by Chrissie Mulindabigwi

Chrissie served in Rwanda (2002-2015) and works with the Inkuru Nziza churches of Rwanda. She visits regularly with her husband, Jano, and son, Mugabo.

Rwanda is known as the land of a thousand hills. This vibrant, compact country in the heart of Africa, the smallest in East Africa, 26,338km2, is densely populated by its nearly 13 million people. The genocide of 1994 left large scars. Many women suddenly became the main providers and grandparents were left to support their orphaned grandchildren.

‘We cannot turn the clock back nor can we undo the harm caused, but we have the power to determine the future and to ensure that what happened never happens again.’ – President Paul Kagame

Women in the Inkuru Nziza churches wanted to be able to provide for their families and support the local church. To meet this need, the vocational training centres (VTC) were started.

Most women have not completed secondary school and many have never attended school at all. Traditionally, the boys would have received an education, while the girls were expected to stay and help at home. Repeatedly, the women said they wanted to learn and asked for help to make small business cooperatives. However, these ventures often struggled as they lacked the literacy and business skills to manage them. It was obvious that many women and girls in the local communities desperately needed financial help for school fees, food and household items. With the proverb ‘teach a man to fish and you teach him for life’ in mind, we realised that instead of providing loans for small businesses, it would be more beneficial to teach the women practical skills. Then having the ability to provide for their families would lead to a greater sense of dignity. The vision for the vocational training centres was born.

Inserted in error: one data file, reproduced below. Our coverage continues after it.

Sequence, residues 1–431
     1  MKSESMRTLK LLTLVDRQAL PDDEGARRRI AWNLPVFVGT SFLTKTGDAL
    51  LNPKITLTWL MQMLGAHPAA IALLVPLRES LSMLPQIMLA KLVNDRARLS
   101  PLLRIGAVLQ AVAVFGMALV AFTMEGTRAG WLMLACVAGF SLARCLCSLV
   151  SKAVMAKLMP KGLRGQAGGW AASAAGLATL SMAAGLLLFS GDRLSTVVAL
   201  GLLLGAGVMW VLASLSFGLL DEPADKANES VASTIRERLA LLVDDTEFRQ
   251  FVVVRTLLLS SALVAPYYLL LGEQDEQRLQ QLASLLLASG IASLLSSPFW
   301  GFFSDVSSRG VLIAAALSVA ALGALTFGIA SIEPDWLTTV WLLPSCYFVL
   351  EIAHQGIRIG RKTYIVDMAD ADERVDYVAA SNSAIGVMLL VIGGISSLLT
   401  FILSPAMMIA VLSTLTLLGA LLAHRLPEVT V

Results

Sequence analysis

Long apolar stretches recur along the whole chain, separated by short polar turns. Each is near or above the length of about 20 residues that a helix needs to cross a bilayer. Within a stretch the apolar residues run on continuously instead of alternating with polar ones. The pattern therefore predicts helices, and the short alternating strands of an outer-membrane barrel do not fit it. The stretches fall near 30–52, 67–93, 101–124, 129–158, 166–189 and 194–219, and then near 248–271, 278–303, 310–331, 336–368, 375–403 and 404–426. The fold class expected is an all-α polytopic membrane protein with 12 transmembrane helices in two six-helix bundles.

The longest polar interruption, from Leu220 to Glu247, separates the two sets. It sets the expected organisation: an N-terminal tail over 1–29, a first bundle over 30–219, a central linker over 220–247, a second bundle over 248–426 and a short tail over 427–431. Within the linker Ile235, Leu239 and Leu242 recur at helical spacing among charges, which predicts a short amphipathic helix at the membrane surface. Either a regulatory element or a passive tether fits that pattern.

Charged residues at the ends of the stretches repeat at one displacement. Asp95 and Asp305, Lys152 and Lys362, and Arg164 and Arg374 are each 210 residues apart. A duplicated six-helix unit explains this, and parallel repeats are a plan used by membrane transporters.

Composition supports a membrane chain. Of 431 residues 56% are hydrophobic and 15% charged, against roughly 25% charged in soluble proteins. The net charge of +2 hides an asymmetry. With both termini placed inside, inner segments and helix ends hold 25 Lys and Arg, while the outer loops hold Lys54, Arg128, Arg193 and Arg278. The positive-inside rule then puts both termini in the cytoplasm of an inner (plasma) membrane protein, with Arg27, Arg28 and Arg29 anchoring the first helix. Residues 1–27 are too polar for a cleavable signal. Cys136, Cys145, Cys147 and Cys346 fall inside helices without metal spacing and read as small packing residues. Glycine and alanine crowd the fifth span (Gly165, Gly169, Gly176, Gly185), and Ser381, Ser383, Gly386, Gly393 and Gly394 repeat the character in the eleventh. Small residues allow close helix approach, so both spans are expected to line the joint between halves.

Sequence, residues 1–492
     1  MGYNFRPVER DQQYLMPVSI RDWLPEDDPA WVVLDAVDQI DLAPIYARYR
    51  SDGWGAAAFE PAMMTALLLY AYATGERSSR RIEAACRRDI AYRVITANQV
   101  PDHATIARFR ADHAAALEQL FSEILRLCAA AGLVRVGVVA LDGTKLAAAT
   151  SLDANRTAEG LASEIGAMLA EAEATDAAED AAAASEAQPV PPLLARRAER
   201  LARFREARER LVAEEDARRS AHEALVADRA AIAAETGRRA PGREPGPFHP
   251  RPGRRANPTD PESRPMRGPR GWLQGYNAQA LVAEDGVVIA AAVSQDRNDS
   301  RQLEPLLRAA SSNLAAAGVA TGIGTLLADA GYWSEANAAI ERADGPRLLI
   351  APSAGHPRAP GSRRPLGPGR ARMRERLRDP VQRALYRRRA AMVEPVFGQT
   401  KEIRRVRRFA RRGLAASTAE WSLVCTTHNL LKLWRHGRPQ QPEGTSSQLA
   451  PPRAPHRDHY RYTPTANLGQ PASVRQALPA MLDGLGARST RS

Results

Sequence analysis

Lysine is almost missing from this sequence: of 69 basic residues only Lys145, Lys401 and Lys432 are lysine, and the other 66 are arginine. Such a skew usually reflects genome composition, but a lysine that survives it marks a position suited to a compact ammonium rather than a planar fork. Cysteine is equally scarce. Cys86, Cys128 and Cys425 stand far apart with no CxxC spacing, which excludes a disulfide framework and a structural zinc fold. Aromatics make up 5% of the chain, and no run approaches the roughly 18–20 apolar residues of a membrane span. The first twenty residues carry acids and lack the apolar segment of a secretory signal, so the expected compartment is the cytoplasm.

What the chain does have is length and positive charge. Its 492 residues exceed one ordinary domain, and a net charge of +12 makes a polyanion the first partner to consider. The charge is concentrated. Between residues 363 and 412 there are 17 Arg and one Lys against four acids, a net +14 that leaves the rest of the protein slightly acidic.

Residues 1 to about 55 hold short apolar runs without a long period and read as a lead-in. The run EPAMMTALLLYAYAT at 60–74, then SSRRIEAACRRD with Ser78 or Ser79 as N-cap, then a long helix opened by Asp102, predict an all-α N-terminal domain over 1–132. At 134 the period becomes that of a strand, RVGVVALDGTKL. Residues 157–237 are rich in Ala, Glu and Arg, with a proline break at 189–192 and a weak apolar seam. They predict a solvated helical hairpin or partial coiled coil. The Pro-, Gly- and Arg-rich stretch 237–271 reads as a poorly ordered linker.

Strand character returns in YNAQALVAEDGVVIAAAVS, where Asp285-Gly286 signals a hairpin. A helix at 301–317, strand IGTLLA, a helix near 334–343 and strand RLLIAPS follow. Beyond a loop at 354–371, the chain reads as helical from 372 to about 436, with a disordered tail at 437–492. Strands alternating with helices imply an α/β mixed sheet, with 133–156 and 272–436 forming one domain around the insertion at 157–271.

Hope as Dignity is Restored

As the local women learn a marketable skill, they are given the opportunity to flourish. In each small facility, between 15 to 20 women anticipate that, through learning to sew, they will be able to transform their life and the lives of their families. There are 16 vocational training centres spread over the country. The women and girls, and a few men too, learn the theory and practice of tailoring over a 12-month period. For their final exam they are given the fabric to sew a new item of clothing for themselves, which includes pockets, hems, zips, shoulder pads and collars. After successfully completing the test, they will gain their certificate.

As I visit the centres, their concentration is visible, shoulders taut as they practise until they can complete the task; you can see the delight in their beaming faces at their success. This is grass-roots ministry, giving a hand-up instead of a handout. In the south, one older woman was so excited that she could now provide for her grandchildren that she gave me a small basket containing eggs in appreciation. Another VTC has started a cooperative in the local market, where the women are able to use the space to sell and sew. It’s amazing what can happen when people have the support they need and know they are believed in. ‘She is clothed with strength and dignity, and she laughs without fear of the future’ (Pr. 31:25).

Hope as Lives are Transformed

Transformation does not stop with the woman but continues into her home, with the family and children benefiting. It is visible as tatty shorts are mended and school uniforms are adjusted, again, but more than this, complexions become clearer as the children have better hygiene and are able to eat nutritional food. One woman proudly informed me that now their area needs to pay a higher tier health insurance, as their economy has improved. In 2017, 84% of Rwandans paid into Mutuelle de Santé, the local health insurance, which the VTC women are encouraged to do. Life expectancy is changing across the country, increasing from 49 years in 2000, to 69 years by 2021. ‘In his great mercy he has given us new birth into a living hope through the resurrection of Jesus Christ from the dead, and into an inheritance that can never perish…who through faith are shielded by God’s power’ (1 Pet. 1:3).